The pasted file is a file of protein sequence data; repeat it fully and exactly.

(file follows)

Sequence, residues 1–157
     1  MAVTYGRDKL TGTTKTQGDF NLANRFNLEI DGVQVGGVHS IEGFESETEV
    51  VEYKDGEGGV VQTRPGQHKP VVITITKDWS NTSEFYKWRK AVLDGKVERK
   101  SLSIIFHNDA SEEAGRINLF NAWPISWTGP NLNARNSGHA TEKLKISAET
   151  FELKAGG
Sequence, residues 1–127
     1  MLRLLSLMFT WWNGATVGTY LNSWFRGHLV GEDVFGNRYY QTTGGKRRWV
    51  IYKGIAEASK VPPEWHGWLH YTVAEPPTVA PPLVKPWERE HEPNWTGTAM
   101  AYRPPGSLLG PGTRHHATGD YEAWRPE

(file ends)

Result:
Sequence, residues 1–157
     1  MAVTYGRDKL TGTTKTQGDF NLANRFNLEI DGVQVGGVHS IEGFESETEV
    51  VEYKDGEGGV VQTRPGQHKP VVITITKDWS NTSEFYKWRK AVLDGKVERK
   101  SLSIIFHNDA SEEAGRINLF NAWPISWTGP NLNARNSGHA TEKLKISAET
   151  FELKAGG
Sequence, residues 1–127
     1  MLRLLSLMFT WWNGATVGTY LNSWFRGHLV GEDVFGNRYY QTTGGKRRWV
    51  IYKGIAEASK VPPEWHGWLH YTVAEPPTVA PPLVKPWERE HEPNWTGTAM
   101  AYRPPGSLLG PGTRHHATGD YEAWRPE